Microsoft conceived C++ Accelerated Massive Parallelism (AMP) as a library atop DirectX 11 for offering data-parallelism directly in C++ that can make easy use of GPUs while having CPU fall-back support. With C++ AMP being similar to OpenCL, Intel engineers decided to implement the Microsoft specification within OpenCL and using LLVM/Clang so that it can be used cross-platform.
Microsoft considers C++ Accelerated Massive Parallelism to be one of their open specifications (it's under their "Community Promise" license), but with being implemented atop DirectX 11 and the compiler support being only built into Microsoft Visual Studio 2012, it isn't widely available outside of Microsoft's scope.
Engineers at Intel ended up developing "Shevlin Park", which is a prototype implementation of C++ AMP built using OpenCL with LLVM/Clang. The LLVM/Clang compiler stack was modified to handle C++ AMP programming constructions and the C++ AMP computations expressed within OpenCL compute kernels.
The C++ AMP run-time library was also implemented on an OpenCL run-time. Being implemented in this manner, C++ AMP can now be used within non-Microsoft/Windows environments. This Intel implementation with LLVM works on both the GPU and CPU.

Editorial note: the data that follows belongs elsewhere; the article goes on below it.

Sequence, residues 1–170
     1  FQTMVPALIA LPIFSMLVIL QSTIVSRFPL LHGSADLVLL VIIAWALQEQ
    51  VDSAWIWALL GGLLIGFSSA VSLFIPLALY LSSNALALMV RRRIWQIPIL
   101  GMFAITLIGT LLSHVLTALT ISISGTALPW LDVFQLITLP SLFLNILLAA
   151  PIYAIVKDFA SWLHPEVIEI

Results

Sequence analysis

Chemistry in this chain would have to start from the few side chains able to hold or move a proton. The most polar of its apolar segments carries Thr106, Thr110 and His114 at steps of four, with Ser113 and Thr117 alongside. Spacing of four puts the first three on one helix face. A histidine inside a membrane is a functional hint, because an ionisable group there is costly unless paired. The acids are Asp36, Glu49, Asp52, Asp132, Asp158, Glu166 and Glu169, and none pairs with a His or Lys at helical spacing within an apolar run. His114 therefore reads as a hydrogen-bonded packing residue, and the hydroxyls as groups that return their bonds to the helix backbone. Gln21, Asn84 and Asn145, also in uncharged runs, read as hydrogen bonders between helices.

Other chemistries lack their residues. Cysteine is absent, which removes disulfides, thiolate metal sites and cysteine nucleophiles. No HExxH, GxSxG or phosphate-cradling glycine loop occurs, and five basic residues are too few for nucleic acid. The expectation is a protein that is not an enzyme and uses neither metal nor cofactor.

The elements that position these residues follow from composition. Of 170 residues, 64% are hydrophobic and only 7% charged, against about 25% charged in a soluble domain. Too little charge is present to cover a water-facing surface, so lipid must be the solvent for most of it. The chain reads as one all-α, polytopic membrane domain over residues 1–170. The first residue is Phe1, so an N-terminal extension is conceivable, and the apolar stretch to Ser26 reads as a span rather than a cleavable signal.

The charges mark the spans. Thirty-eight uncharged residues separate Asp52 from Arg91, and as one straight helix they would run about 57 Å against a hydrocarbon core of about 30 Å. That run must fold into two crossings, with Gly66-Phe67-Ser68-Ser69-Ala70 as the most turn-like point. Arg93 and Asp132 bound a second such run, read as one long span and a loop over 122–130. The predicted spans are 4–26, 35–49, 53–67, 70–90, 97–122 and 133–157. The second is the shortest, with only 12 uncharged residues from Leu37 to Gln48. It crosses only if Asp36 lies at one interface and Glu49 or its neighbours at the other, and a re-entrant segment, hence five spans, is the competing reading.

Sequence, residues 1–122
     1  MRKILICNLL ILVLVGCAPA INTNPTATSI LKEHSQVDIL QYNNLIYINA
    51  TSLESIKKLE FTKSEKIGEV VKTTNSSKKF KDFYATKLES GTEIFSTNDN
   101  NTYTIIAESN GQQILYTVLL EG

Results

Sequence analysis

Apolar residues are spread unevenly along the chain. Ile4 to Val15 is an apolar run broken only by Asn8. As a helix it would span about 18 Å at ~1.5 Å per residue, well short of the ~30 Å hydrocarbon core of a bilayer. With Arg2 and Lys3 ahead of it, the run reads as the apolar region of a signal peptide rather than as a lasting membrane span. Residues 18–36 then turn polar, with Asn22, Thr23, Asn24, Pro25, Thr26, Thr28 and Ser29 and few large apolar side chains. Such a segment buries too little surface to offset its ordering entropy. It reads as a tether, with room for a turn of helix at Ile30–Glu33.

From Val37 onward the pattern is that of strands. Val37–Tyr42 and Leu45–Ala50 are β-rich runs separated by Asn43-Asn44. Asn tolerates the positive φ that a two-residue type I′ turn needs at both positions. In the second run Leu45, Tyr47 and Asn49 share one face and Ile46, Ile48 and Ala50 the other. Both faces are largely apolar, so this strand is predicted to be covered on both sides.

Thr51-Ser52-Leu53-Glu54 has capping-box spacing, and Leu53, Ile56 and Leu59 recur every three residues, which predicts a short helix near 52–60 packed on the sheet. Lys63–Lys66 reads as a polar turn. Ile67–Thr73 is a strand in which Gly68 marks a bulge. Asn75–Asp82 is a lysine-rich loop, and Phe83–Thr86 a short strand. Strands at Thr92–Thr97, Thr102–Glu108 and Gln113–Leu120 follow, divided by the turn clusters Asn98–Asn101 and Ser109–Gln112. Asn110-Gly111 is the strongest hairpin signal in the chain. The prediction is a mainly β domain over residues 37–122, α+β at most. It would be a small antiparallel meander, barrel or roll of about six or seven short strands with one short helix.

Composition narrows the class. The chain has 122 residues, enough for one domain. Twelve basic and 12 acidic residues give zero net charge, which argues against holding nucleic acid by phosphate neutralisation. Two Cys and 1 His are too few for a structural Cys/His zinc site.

The Shevlin Park project was talked about earlier this month at the LLVM Developers' Meeting in San Jose, California. The Intel slides covering Shevlin Park can be found here
As far as why someone would want to try C++ AMP rather than just using OpenCL or other GPGPU models, Intel's Dillon Sharlet describes the Microsoft interface as an "elegant, minimal C++ extensions and template libraries for data parallel programming." C++ AMP has the host and device code in the same programming language while concealing any driver APIs. Meanwhile, the data programming parallel model is very close to that of OpenCL and is similar to that of the NVIDIA CUDA run-time API.
Benchmarks by Intel show that their Shevlin Park implementation of C++ AMP can actually outperform that of the C++ AMP support within Visual Studio 2012. In some cases, using raw OpenCL is faster than both Accelerated Massive Parallelism versions.
The Shevlin Park work is still considered experimental but the slides are definitely worth checking out for anyone interested in low-level code/compiler work.